What is the first thing you do when you wake up in the morning?
If it is to reach for your smart phone to check for your latest Facebook updates, tweets and “selfies,” chances are you are addicted to social media.
And you wouldn’t be alone. With one billion people on Facebook alone, there is a lot of social media activity going on.
Social media addiction is now a recognised condition sometimes requiring treatment. That’s because excessive social media use has been linked to anxiety, depression, anger and relationship problems. It can become addictive because it taps into the nub of what we humans are so good at doing – that is, connecting with others.
Research from Harvard has shown that disclosing information about ourselves activates the same part of the brain associated with the pleasure experience as when we enjoy a nice meal, get rewarded with money, or have sex and this activation is higher when we have an audience!
When does social media use become a problem?
As with many other forms of addictive behaviour, it is often not until the detrimental issues start to affect others around us, before we eventually gain the insight that spending six to eight hours a day on social media sites is damaging our health, work or relationships.
Dr Kathy Charles from Edinburgh Scotland has found that
• 12% of users said that using Facebook made them feel anxious
• 30% felt guilty about rejecting friends requests
• Many felt “pressured” to come up with inventive status updates.
If you suspect you are checking on your emails too often during the day, repeatedly scanning your phone for messages and keep Facebook open continuously to receive updates, you may be addicted to your technology.
The down side is preventing your brain from enjoying any quiet or down time, overtaxes your brain and makes it ever harder to switch off.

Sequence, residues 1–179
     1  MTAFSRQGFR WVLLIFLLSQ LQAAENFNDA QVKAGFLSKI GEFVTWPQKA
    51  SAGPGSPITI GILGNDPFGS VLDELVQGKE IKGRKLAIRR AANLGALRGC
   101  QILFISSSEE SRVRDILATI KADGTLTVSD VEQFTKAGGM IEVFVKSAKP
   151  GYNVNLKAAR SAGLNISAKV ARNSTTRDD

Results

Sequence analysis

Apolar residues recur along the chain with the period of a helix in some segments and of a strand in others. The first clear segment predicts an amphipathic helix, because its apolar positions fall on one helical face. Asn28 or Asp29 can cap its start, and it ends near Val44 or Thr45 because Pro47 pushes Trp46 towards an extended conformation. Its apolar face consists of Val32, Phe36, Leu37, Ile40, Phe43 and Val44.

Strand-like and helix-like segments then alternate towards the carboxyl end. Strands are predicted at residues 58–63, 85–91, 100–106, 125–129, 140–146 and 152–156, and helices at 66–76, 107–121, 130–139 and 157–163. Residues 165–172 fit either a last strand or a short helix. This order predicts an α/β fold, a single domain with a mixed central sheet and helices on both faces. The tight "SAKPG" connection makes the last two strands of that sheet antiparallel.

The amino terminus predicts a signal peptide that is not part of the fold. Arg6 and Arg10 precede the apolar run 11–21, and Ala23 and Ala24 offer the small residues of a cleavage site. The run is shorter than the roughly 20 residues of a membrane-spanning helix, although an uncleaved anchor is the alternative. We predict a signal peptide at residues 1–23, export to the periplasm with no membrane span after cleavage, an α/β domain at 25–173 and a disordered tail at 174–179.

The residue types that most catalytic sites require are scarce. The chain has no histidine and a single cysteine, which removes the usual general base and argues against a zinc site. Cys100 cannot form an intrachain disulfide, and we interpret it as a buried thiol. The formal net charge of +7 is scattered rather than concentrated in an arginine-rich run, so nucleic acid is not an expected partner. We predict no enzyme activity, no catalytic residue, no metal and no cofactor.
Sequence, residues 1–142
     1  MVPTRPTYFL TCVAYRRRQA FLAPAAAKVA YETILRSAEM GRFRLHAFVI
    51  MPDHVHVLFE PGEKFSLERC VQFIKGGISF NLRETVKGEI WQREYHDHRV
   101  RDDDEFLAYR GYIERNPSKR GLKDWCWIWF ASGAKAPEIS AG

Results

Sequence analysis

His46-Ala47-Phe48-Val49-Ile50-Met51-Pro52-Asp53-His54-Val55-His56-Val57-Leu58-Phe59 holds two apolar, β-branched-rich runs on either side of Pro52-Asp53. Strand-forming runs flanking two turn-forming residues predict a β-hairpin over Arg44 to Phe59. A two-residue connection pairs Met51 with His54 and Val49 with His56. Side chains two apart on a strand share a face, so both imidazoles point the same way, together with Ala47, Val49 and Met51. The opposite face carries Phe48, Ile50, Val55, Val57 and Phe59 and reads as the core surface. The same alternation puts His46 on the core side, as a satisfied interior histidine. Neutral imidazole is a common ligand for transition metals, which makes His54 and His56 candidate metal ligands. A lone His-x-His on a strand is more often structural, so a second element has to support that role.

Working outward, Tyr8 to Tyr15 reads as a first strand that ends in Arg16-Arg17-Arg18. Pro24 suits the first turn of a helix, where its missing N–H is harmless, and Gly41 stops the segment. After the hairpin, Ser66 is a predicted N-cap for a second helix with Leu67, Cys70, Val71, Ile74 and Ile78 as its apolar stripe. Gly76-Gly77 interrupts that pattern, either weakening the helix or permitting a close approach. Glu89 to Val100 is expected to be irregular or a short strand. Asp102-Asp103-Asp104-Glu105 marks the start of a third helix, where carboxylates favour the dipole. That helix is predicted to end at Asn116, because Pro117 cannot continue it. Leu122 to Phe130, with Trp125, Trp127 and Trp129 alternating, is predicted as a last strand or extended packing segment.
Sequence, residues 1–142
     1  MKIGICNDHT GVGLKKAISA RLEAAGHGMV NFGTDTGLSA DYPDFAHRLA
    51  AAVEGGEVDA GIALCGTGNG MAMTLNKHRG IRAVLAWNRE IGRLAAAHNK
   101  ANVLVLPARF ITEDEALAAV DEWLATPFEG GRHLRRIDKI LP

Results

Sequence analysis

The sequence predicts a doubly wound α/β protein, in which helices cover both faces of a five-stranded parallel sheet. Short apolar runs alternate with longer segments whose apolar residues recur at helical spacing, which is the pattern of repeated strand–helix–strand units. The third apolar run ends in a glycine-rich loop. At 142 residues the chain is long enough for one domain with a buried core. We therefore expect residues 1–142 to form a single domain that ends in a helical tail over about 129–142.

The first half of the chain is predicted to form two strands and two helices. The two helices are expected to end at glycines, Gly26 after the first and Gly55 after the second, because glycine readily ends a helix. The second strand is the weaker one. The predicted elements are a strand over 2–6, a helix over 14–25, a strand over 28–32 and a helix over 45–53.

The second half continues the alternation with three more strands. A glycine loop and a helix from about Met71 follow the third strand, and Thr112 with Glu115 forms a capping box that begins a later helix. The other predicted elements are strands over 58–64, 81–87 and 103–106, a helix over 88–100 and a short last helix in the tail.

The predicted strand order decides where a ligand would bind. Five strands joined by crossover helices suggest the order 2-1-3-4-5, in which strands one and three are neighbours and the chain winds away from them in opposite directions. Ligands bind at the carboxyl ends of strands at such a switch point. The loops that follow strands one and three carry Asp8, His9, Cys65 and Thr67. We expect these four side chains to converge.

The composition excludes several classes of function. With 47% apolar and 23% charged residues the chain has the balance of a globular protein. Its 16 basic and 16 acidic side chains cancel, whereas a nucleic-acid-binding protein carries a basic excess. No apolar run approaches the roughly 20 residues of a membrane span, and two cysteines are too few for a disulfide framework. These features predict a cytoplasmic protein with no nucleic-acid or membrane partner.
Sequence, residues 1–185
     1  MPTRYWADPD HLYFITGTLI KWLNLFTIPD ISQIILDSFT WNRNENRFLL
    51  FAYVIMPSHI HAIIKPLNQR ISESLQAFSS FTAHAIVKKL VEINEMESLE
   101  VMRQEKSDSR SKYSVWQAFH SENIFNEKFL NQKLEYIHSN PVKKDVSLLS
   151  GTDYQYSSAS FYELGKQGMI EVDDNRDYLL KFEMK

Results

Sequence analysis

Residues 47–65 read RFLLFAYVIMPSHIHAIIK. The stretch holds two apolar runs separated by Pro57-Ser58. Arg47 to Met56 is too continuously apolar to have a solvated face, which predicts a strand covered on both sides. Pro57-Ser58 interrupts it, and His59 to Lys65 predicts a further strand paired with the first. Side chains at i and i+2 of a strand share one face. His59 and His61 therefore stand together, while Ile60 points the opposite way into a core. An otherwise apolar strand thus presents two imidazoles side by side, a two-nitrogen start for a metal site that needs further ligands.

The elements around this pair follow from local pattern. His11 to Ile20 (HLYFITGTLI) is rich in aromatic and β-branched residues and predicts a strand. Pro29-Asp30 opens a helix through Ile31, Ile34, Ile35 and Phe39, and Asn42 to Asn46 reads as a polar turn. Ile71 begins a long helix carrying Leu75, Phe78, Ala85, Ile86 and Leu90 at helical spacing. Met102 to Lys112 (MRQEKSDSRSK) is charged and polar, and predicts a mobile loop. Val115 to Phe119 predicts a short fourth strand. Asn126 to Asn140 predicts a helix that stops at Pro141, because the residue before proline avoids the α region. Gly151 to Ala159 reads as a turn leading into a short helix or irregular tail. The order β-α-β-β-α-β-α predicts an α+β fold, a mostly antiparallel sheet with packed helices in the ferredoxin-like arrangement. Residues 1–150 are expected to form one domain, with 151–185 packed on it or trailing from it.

The result? It costs you your innovative, creative thinking and imagination skills.
Meanwhile, you might enjoy these “Twelve Signs You’re Addicted To Social Media” as written by Harry Wallop in the U.K’s Daily Telegraph. I especially “like” number 8.
Can social media and work, work together?
Absolutely. Social media adds to our repertoire of communication.
It’s about keeping things in perspective and making the decision just HOW much time we want to devote to our social media and then STICKING to it.
Some workplaces have strict social media policies in place; others are more flexible about the “dos” and “don’ts”, reflecting that the needs, requirements and expectations of every workplace are unique.
When talking with some CEOs and business owners recently, some advised me they allow free rein of social media in their business workplaces, especially if they see the need for continual and fast access to information or people. Others have instigated technology or social media free time during the week, to allow people time to work continuously on projects, uninterrupted by the distraction of social media.
But if your social media usage is interfering with your performance and productivity, perhaps it’s time to step back and reflect how you could be doing things differently and implement a social media break in your day.
- Try working for 15 minutes with NO distractions and then gradually increase the time spent doing focused work.
- Choose to go for a run/walk without earphones and just connect with nature
- Travel home on the bus/train/car without listening to music/the radio/playing games/checking your phone and just observe what is going on around you.
- Get bored! next time you are waiting choose not to entertain yourself with your phone or iPad and indulge in some gentle thinking instead.
How do you manage your social media?
Diana I. Tamir and Jason P. Mitchell Disclosing information about the self is
intrinsically rewarding PNAS May 22, 2012 vol. 109 no. 21 8038-8043